… There she weaves by night and day
A magic web with colors gay.
She heard a whisper say,
A curse is on her if she stays
To look down to Camelot.
She knows not what the “curse” may be,
And so she weaveth steadily,
And little other care hath she,
The Lady of Shalott.
And moving thro’ a mirror clear
That hangs before her all the year,
Shadows of the world appear
And sometimes thro’ the mirror blue
The knights come riding two and two:
She hath no loyal knight and true,
The Lady of Shalott.
But in her web she still delights
To weave the mirror’s magic sights,
For often thro’ the silent nights
A funeral, with plumes and lights,
And music, went to Camelot:
Or when the moon was overhead,
Came two young lovers lately wed;
“I am half-sick of shadows,” said
The Lady of Shalott…”
“I’m half sick of shadows…,” says the Lady. All these reflected images are like “shadows of the world” in that they are merely a poor substitute for seeing them directly. She knows only love can break this mirror of false images, and only love can clear away these false realities.
Love is death for the one who lives in the world of shadows, and love is life for those who open their eyes to the truth. This truth is the truth of life, which will unveil its face only to those with the will and power to see…
Such a beautiful poem…
The Lady of Shalott is a Victorian ballad by the English poet Alfred, Lord Tennyson. It recasts the Arthurian subject matter based loosely on medieval sources. The Lady lives in an isolated tower of an island castle near Camelot. She suffers from a mysterious curse and must continually weave images on her loom without ever looking directly at the world. Instead, she looks into a magic mirror that reflects the busy road with the people of Camelot passing by her island. The reflected images are described as “shadows of the world,” a metaphor that makes it clear that the reflections are a poor substitute for seeing directly. On seeing Sir Lancelot, she stops weaving and looks from her window toward Camelot, bringing about the curse. She leaves her tower, finds a boat upon which she writes her name, and floats down the river to Camelot, but she dies before arriving.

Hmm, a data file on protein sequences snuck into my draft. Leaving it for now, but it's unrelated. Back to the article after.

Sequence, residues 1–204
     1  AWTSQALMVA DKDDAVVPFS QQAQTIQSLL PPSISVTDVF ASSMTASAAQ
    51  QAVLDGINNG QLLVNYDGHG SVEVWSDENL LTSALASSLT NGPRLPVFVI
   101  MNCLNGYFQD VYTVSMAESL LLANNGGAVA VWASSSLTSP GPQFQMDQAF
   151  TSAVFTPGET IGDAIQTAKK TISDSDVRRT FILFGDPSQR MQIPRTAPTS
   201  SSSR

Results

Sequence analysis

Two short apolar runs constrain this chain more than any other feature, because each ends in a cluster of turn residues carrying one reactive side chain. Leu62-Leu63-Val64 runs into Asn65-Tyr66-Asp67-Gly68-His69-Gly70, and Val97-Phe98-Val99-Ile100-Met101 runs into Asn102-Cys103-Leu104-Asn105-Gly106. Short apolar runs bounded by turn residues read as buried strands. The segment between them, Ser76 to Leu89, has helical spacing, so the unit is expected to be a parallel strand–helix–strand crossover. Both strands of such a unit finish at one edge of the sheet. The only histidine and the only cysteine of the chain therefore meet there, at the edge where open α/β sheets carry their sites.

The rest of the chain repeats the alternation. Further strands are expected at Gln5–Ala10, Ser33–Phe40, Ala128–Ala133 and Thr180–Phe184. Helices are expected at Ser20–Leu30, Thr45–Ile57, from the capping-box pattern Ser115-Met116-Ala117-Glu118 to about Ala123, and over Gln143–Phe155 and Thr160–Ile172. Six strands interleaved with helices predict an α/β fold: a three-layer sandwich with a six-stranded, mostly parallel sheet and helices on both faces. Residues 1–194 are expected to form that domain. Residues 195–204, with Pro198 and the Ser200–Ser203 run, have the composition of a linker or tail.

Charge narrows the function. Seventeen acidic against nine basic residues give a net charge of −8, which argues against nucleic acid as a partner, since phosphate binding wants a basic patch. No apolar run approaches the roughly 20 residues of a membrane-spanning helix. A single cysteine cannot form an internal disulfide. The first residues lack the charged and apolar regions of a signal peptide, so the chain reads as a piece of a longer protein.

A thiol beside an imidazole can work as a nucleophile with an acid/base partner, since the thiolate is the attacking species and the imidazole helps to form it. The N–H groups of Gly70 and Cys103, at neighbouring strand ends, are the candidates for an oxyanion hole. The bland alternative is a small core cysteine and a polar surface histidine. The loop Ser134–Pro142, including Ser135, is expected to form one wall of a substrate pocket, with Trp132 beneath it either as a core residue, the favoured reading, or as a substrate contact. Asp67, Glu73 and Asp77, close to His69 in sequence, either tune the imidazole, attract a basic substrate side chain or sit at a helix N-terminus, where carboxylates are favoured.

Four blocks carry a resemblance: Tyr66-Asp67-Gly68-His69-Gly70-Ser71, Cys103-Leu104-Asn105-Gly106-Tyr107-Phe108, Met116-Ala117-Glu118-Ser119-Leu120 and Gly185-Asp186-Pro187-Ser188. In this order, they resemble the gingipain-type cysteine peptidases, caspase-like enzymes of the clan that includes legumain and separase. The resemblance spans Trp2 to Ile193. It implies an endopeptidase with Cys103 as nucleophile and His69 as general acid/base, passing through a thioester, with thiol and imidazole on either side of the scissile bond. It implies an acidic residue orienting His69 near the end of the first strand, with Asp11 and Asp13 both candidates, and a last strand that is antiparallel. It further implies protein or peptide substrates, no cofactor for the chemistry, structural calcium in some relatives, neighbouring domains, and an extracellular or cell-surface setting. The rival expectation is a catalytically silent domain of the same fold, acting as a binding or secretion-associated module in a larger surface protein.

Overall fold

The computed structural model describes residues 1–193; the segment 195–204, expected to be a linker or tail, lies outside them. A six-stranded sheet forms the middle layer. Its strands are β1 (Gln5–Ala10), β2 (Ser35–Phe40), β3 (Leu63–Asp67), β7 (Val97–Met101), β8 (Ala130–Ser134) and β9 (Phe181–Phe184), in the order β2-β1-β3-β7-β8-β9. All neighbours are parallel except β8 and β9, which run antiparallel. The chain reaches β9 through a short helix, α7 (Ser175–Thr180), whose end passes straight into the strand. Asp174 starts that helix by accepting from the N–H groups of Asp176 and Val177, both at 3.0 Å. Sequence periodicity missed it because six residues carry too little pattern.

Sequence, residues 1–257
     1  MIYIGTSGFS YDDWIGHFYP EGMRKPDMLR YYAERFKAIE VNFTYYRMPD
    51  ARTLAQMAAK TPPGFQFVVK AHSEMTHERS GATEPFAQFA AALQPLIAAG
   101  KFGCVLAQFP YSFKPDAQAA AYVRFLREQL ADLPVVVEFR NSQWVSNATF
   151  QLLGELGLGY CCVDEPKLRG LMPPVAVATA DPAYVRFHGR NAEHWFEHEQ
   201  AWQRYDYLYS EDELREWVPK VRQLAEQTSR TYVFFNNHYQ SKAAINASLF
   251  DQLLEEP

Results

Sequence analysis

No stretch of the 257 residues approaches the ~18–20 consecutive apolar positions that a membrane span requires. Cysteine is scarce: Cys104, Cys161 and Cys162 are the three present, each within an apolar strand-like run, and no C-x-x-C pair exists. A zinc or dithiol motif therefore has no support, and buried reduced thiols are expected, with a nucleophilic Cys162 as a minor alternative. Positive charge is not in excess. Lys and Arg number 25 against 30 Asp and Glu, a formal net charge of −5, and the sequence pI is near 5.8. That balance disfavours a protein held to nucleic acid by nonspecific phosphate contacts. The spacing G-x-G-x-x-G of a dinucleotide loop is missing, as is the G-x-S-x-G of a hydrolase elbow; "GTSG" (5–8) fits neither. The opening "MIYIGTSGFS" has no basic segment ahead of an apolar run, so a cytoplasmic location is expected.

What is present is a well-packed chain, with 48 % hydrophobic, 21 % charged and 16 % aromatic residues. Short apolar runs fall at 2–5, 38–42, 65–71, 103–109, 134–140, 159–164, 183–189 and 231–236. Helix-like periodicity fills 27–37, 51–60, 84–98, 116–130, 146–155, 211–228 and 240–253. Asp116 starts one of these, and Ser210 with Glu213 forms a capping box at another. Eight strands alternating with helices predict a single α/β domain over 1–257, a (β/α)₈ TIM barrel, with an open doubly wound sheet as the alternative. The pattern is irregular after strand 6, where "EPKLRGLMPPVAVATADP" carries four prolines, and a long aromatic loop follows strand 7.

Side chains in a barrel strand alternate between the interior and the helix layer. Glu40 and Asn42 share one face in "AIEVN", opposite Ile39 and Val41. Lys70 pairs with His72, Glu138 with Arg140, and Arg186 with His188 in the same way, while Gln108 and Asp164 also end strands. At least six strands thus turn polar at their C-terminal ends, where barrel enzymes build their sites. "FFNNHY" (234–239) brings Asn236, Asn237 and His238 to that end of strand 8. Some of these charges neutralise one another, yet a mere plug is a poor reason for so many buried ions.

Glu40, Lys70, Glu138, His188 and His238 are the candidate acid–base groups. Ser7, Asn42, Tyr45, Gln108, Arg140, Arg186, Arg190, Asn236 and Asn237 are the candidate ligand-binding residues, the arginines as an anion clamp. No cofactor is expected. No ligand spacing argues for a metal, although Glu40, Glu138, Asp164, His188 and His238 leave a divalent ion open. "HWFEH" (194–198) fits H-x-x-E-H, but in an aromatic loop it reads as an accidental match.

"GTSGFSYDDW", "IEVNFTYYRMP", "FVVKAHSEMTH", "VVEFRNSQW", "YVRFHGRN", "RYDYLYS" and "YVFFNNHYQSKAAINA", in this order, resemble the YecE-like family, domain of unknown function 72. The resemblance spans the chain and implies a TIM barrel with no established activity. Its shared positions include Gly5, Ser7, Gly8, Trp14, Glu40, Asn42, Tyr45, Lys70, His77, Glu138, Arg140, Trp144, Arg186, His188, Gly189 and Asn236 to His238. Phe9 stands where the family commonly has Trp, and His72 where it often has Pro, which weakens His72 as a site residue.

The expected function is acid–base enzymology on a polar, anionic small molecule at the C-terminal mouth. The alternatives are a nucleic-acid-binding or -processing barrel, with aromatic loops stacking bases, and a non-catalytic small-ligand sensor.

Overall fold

As tragic as it is beautiful…
All these legends, big and bold, create and illustrate a world of heroes and heroines, kings and queens, knights and dragons, dreamlands and dream castles, quests to find treasures, battles between good and evil, separating truth from falsehood, and searching for the truth, for reality and the self…
Do we believe them?
Or, do we just amuse our minds with their fairy-tale worlds, thinking they are imaginary and we are real?
Did you ever consider you might have a magic mirror, too?
What might it be?